When regulators forced MGM Mirage to choose between investments in Atlantic City and Macau, the Chinese gambling enclave won.
In a report made public Wednesday, New Jersey casino regulators accused Macau's gambling baron Stanley Ho of engaging in organized crime involving gangs--virtually labeling him a mobster. Ho, who boasts a net worth of $2 billion, held a monopoly over casinos in Macau until 2002 and still controls 20 of the 33 in operation. He has denied allegations like these though he has never been formally charged with any crime.
Officials who enforce New Jersey's gaming laws presented MGM--controlled by 92-year-old billionaire Kirk Kerkorian--with an ultimatum. The gambling giant could either cut off ties with Ho's daughter Pansy, with whom it runs a casino in Macau, or sell its 50% stake in Atlantic City's highest-grossing property. (The other half is owned by Boyd Gaming Corporation ( BYD - news - people ).)
It was a drama that tested allegiances. MGM opted to keep its ties to China and the Ho family and jettison its current and future interests in New Jersey. Arranging to put its share of the Borgata Hotel Casino & Spa into a trust until it is bought, it also scrapped plans for another $5 billion casino on Atlantic City's boardwalk.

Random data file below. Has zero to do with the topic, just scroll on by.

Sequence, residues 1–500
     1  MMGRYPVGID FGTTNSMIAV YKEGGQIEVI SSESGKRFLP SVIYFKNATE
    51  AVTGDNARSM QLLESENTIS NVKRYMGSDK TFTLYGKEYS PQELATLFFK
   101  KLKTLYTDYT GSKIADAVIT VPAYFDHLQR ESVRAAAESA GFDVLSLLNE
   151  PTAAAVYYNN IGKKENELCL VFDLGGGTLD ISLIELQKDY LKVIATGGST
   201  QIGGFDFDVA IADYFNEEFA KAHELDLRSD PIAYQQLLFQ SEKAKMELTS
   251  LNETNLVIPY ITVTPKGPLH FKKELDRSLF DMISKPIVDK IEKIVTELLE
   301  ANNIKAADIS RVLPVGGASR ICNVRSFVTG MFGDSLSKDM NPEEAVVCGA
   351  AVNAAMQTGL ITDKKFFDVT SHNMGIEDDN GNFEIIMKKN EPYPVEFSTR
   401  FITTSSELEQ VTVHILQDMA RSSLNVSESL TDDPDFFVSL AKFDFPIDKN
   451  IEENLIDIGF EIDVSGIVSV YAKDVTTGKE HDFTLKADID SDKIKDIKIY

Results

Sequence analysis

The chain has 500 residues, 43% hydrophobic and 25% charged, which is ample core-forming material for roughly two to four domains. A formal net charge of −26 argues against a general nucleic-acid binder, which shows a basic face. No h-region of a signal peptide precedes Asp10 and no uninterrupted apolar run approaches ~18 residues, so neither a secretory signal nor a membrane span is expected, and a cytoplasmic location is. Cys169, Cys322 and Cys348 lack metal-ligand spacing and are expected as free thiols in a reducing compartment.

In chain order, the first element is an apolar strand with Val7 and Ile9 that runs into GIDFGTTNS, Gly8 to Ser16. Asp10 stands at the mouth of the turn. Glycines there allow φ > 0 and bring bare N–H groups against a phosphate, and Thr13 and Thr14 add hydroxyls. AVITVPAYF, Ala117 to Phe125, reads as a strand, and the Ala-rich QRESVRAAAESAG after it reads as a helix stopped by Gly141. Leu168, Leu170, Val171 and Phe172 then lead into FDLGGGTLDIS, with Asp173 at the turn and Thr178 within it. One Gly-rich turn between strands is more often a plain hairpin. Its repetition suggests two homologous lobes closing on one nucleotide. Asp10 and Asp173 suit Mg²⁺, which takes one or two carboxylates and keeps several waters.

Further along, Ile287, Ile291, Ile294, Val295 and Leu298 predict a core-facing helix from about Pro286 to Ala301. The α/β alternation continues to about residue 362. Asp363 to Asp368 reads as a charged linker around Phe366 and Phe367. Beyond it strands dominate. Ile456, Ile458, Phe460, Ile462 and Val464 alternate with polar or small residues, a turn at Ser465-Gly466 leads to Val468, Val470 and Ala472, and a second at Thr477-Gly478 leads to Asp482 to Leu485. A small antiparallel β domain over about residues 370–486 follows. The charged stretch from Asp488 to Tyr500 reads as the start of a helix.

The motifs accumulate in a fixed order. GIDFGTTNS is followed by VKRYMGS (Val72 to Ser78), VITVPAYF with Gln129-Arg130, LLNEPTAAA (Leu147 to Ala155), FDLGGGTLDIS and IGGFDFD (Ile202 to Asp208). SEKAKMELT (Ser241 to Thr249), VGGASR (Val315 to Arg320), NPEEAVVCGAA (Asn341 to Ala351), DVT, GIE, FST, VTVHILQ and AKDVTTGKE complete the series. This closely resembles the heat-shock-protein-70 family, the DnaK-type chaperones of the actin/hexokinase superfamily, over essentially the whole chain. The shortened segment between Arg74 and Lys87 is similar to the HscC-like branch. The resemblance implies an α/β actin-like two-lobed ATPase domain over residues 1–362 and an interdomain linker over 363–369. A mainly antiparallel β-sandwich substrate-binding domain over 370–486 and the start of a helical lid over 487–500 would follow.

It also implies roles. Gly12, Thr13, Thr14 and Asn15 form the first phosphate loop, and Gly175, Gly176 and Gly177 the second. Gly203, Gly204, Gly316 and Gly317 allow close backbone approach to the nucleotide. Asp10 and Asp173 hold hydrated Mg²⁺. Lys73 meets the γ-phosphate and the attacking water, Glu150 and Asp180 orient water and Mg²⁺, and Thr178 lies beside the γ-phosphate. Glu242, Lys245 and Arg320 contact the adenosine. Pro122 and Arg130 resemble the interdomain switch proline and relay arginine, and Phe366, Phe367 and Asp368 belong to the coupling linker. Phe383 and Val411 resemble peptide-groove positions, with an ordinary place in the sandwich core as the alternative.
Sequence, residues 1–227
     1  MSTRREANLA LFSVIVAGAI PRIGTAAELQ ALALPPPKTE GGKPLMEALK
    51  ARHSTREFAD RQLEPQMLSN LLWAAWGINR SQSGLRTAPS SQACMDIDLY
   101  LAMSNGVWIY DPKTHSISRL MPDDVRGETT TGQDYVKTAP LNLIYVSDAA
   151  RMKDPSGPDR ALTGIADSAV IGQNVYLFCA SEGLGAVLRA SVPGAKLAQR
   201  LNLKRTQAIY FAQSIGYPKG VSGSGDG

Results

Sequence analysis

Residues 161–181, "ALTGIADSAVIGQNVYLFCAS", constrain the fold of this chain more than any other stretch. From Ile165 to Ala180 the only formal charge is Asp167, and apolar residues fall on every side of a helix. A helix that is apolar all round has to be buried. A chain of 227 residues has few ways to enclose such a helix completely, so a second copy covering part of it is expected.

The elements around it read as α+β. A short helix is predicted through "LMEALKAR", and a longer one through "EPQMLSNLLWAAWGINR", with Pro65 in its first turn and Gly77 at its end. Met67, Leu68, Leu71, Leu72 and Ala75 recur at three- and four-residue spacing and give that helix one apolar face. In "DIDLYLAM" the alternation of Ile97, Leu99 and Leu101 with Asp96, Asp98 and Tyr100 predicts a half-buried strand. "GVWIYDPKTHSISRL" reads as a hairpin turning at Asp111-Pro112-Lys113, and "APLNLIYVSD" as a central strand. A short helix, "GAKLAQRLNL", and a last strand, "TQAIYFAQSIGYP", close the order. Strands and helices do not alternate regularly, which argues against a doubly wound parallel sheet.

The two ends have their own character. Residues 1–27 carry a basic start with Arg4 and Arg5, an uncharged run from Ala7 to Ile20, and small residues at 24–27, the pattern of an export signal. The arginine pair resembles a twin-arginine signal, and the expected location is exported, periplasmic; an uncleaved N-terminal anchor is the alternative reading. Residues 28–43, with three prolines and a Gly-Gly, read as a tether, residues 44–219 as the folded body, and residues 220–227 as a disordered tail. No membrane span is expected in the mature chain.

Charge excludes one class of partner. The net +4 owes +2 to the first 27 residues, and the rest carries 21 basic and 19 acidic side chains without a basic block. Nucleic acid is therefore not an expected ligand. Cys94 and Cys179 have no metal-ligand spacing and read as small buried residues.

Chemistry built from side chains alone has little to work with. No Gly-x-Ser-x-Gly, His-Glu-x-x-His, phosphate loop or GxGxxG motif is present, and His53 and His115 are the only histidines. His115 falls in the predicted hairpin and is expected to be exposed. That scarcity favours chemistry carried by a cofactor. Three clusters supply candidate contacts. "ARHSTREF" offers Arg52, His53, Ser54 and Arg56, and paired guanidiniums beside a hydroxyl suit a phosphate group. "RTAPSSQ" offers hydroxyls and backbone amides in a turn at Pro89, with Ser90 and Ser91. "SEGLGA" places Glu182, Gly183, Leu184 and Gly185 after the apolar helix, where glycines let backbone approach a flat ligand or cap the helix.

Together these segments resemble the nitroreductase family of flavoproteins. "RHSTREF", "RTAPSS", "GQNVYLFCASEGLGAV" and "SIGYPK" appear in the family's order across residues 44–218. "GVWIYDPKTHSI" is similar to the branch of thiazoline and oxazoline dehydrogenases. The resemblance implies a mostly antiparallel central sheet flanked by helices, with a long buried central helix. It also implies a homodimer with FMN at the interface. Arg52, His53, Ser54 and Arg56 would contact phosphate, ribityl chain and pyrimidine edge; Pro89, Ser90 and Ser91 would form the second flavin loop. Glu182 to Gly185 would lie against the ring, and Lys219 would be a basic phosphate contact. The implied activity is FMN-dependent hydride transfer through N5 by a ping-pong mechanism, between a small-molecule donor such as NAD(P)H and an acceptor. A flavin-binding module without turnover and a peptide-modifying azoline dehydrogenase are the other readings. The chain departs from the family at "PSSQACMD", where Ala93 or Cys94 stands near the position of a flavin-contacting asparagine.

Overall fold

MGM is following the money: Atlantic City's revenue plummeted 16% between February 2008 and February 2009; its 11 casinos won $262 million in February. Meanwhile, Macau gambling revenue surged 70% over the same period, totaling $1.8 billion last month.
Further cementing MGM Mirage ( MGM - news - people )'s faith in Chinese gamblers to keep spending is its plan to launch an IPO for its Macau assets (the ones shared with Pansy Ho) in August or September of this year. That's following in the footsteps of fellow billionaires Steve Wynn's Wynn Resorts and Sheldon Adelson's Las Vegas Sands ( LVS - news - people ), which raised billions last year in share sales for Wynn Macau and Sands China, respectively.
MGM made a move freighted with significance about where the future of the gaming industry lies. Now which American billionaire will join Ho--who was just released from the hospital after half-a-year's stay--to rule Macau?
Source: Forbes, Hana R. Alberts